Please read my post: “Find and Buy Thai Silk In Bangkok“.

You will find dedicated silk shops throughout Thailand in the silk weaving provinces. Kon Gan, Chonobot, Surin and its surrounding villages, Lamphun, and Ubon Rachasima, and Kalasin are all cities and towns that are well populated with shops that will sell authentic, quality Thai silk at market rates.

Please see my posts: “A Compendium of Thai Silk Shops on Instagram” and “Volume II: A Compendium of Silk Shops on Instagram”.

Buying from a Village Weaving Cooperative

A Silk Shop in Ban Ta-Sa-Wan, Surin Province
A silk shop in the silk weaving village of Ban Ta-Sa-Wan, Surin Province. The best assurance of buying authentic Thai silk is to KNOW YOUR SOURCE. This shop is a reputable source of Thai silk from their village.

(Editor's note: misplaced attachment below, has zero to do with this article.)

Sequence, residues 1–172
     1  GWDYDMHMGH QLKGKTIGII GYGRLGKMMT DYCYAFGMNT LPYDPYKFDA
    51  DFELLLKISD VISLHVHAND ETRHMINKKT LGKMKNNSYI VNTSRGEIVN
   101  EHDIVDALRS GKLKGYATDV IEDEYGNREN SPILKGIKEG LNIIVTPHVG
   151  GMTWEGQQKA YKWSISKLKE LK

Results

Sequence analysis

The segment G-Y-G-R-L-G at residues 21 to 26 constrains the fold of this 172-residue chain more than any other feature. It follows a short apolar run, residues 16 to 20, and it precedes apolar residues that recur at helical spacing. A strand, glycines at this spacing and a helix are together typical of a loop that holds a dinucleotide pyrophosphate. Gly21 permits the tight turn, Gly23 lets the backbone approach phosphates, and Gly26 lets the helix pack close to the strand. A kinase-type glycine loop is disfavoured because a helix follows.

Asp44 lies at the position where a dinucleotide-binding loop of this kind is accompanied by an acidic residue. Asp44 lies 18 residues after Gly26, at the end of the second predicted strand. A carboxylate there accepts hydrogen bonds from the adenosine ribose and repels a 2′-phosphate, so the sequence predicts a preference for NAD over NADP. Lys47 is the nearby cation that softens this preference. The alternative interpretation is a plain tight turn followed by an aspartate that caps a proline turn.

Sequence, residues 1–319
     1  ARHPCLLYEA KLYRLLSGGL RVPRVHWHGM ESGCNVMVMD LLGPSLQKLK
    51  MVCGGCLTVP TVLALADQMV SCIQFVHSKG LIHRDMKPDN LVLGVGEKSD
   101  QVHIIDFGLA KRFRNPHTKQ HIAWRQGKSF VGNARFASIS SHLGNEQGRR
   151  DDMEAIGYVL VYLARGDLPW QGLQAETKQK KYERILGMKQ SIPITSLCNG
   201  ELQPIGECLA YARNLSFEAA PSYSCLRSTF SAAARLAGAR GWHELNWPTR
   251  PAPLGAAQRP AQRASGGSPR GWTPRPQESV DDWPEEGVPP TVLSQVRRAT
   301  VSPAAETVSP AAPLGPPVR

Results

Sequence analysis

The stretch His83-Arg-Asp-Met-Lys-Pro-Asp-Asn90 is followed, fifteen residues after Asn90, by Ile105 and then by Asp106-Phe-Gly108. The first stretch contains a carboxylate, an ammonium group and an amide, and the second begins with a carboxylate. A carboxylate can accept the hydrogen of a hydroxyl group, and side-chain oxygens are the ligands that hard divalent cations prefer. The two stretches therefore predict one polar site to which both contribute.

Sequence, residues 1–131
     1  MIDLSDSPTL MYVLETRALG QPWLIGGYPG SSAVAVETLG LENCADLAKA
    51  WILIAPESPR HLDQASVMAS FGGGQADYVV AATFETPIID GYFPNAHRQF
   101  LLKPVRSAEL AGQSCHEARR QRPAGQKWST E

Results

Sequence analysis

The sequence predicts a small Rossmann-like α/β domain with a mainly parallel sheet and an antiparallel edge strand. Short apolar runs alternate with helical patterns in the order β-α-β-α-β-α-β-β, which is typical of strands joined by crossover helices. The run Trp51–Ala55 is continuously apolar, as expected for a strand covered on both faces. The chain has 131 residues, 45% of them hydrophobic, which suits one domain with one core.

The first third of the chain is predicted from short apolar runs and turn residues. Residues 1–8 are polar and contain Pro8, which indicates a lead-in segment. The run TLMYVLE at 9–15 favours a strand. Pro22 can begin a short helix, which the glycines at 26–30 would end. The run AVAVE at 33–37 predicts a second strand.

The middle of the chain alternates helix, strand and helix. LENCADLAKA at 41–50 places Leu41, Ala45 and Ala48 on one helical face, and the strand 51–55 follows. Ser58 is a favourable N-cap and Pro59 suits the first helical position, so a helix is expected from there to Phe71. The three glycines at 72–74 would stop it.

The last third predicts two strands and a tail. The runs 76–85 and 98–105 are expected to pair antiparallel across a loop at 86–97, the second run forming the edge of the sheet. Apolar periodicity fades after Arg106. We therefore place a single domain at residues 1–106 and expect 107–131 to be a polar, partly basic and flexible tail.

The majority of silk I buy is from small village cooperatives where the silk is actually woven. In these rural villages, the weavers have pooled their fabrics for sale in a village silk shop and usually sell by consignment. These rural, village silk shops differ from their bigger city counterparts in that the silk fabrics for sale will all be produced in their village.

Dressmaker and Tailor Shops

Thai Silk Dressmaker's Shop
A dressmaker’s shop in Bangkok called Dandara. For one price, you can choose your Thai silk and they will custom make your outfit. Prices will run about $800 (US) for good quality brocades including the dressmaking.

Often the easiest way to find authentic Thai silk is at a dressmaker’s shop in the big cities like Bangkok, Chiang Mai or Korat. These shops often carry an inventory of very good quality Thai silk especially plain weaves.